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GOP Rep. Steve King Adds Abortion to Grievances Against Black Americans

Christine Grimaldi

Rep. Steve King (R-IA) characterized abortion care as a “tragedy for any life, no matter what color,” but ultimately found as much fault with Black Americans who make the reproductive health-care decision as those who advocate on behalf of civil rights.

Republican Rep. Steve King (IA) rebuked Black Americans for exercising their constitutional right to abortion one day after he criticized them for exercising their constitutional right to assemble.

King is notorious for his long history of racially-charged comments and insistence on displaying a Confederate flag on his congressional office desk. He called the Congressional Black Caucus the “self-segregating caucus,” BuzzFeed reported Thursday, the same day the caucus descended on the U.S. Department of Justice to advocate for the “full weight of the federal government” to be deployed in investigations of police shootings.

Rewire interviewed King Friday after he exited a U.S. House of Representatives hearing—a platform for the longtime lawmaker and his Republican colleagues, including Reps. Trent Franks (AZ), Louie Gohmert (TX), and Ron DeSantis (FL), to advance conservative and often racially biased anti-abortion myths about the Hyde Amendment and the so-called Born-Alive Abortion Survivors Protection Act.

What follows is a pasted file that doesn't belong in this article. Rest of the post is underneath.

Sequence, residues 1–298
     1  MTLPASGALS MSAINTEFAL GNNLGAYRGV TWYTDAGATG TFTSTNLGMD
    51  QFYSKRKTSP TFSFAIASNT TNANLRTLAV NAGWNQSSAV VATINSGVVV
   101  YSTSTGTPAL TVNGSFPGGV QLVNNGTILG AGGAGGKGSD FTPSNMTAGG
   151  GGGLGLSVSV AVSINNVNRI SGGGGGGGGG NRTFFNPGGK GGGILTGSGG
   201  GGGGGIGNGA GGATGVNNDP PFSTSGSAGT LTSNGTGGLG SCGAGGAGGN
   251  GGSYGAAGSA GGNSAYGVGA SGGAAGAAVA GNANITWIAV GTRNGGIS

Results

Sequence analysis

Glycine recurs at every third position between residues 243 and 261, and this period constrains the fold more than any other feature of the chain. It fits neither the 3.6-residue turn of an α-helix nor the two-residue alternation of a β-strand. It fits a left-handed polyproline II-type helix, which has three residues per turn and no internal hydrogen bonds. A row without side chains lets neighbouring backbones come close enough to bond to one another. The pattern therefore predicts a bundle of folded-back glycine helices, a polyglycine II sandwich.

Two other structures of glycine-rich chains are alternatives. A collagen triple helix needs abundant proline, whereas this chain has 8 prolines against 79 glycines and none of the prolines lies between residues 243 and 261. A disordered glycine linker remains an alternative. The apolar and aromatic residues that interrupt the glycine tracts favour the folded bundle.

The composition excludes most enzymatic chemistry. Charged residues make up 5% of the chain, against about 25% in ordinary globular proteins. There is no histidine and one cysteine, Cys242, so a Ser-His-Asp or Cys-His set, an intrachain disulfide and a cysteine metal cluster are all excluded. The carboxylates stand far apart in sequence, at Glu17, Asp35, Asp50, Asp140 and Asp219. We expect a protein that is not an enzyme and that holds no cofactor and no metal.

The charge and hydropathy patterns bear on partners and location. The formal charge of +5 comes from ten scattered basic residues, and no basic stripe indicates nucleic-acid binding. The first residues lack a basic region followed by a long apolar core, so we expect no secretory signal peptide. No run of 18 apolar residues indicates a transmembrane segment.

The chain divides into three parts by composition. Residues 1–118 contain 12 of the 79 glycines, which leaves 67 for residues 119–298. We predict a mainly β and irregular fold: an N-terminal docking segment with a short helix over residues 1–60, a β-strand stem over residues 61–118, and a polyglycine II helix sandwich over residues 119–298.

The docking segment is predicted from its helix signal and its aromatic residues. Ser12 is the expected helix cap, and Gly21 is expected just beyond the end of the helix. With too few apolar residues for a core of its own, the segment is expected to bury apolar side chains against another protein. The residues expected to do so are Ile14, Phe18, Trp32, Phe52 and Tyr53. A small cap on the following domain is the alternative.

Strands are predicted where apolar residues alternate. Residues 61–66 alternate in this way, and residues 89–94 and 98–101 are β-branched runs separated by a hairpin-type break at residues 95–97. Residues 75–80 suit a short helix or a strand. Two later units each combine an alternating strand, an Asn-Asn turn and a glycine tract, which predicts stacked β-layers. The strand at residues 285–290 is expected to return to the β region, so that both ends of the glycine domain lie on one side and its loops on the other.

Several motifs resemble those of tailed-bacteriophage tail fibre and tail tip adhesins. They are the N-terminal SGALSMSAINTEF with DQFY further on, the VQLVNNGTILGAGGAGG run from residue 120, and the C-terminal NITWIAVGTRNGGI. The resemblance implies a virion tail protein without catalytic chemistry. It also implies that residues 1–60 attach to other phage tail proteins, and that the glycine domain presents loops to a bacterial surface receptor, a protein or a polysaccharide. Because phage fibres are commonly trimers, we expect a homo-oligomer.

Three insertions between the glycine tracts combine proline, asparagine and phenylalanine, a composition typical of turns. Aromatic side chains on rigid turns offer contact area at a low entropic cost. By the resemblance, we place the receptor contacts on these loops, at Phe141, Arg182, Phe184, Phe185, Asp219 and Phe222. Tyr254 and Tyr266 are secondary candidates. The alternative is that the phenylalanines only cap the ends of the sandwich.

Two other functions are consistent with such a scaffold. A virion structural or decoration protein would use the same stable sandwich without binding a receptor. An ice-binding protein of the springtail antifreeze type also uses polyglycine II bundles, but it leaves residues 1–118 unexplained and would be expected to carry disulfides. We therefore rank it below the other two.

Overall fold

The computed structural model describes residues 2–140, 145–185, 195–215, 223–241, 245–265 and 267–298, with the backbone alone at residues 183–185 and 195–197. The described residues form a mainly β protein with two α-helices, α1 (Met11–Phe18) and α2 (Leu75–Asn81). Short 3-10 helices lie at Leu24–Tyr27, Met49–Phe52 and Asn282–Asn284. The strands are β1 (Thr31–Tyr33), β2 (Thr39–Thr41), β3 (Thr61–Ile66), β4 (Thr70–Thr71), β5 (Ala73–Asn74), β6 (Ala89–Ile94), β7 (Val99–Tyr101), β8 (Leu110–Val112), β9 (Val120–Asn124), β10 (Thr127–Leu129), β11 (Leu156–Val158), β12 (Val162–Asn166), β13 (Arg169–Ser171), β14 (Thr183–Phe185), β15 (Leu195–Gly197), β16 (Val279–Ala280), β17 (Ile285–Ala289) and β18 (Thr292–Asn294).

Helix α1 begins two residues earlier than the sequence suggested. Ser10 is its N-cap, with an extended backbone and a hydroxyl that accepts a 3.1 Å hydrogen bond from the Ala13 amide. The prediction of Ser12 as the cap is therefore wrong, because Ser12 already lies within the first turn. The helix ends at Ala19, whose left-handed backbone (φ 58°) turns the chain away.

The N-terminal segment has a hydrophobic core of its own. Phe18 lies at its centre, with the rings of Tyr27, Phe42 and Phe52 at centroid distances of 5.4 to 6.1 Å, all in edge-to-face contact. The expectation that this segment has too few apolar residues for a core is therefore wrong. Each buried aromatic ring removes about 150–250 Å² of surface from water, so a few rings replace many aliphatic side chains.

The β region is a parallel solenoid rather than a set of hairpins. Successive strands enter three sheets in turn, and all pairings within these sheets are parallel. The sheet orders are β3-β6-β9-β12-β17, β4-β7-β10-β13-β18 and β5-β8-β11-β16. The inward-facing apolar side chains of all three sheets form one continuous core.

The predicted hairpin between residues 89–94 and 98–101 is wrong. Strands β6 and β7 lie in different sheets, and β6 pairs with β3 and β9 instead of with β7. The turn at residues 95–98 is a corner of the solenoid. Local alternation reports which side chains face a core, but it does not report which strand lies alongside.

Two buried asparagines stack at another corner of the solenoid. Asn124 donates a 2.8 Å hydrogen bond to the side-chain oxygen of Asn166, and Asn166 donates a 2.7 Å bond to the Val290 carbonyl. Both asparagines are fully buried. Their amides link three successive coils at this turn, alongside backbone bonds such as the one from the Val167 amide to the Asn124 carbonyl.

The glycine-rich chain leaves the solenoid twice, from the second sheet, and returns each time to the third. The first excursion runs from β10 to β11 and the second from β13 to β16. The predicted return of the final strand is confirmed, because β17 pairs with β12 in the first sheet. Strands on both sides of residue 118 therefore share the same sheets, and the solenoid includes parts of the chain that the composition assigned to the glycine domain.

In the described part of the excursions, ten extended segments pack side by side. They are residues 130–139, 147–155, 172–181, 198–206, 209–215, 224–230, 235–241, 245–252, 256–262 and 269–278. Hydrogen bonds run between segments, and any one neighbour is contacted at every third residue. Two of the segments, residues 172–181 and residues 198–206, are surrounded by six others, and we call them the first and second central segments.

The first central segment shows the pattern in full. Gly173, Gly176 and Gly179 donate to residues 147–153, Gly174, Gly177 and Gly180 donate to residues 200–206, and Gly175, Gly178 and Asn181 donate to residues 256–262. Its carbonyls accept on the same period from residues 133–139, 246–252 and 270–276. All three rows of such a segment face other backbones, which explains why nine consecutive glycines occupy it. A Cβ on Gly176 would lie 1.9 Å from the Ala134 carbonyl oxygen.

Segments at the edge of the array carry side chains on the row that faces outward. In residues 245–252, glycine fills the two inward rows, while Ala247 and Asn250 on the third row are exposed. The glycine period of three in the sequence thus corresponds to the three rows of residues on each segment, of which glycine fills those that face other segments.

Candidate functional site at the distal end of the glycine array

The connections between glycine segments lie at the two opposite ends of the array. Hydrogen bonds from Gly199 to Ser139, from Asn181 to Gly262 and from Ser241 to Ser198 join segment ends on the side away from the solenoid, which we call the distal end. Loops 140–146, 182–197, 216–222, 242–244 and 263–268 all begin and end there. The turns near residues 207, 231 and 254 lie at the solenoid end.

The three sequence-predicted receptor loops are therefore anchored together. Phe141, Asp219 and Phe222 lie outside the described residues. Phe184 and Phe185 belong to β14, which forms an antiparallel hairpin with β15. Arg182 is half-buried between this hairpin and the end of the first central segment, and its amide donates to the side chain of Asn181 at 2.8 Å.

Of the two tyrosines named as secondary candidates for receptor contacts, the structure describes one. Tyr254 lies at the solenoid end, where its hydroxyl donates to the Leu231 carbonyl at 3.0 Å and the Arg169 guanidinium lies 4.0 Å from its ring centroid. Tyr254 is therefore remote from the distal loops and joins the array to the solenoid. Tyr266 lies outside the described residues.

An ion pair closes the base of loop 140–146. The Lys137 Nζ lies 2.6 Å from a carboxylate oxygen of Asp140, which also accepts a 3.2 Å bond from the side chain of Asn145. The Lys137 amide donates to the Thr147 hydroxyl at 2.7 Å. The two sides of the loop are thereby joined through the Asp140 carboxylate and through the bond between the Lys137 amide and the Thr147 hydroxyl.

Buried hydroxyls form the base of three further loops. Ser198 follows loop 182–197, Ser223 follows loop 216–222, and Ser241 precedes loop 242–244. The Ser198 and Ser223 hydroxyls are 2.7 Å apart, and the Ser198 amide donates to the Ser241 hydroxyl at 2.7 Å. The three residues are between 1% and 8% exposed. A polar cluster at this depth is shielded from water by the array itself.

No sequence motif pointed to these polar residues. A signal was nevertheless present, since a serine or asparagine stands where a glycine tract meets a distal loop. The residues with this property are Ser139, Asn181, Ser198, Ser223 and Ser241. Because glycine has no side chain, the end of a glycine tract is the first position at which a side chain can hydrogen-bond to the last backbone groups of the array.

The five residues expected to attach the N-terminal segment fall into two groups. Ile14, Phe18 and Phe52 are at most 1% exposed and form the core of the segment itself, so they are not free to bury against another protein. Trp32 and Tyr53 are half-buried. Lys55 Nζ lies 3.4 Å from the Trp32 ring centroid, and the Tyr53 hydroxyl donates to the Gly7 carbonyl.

If abortion care amounts to the Black “genocide” King described during the hearing, doesn’t that add to the problem of the “self-segregating” caucus?

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“This is [sic] things they bring up on themselves,” King said. “This is their choice.”

King characterized abortion care as a “tragedy for any life, no matter what color,” but ultimately found as much fault with Black Americans who make the reproductive health-care decision as those who advocate on behalf of civil rights.

“The choices that are made to abort Black babies are made by Black people, the choices to have a self-segregating caucus are made by Black people. They’re the ones that need to answer these questions, not me,” King said. “I’m speaking to something that’s clearly obvious, on its face, to people who care to look.”

King reiterated those points in response to a question about whether he meant both choices were the fault of Black Americans.

“They chose to have a Congressional Black Caucus. They chose to have an abortion,” King said. “I would give you even money that a vast majority of mothers who say they can’t afford an abortion have an iPhone, which costs more.”

During the hearing, King questioned Kierra Johnson, executive director of the pro-choice advocacy group URGE and the only witnesses to support abortion rights. King asked that Johnson research and return to the panel with an answer as to whether killing “partially delivered” puppies would amount to a crime in an apparent attempt to draw a parallel between puppies and Black babies.

“I could, and I could also talk to you about the research and the anecdotal information I have about Black communities,” she said.

“I would love to talk about Black communities, if you’d like me to,” Johnson continued, speaking over King, to applause from abortion rights supporters in the audience.

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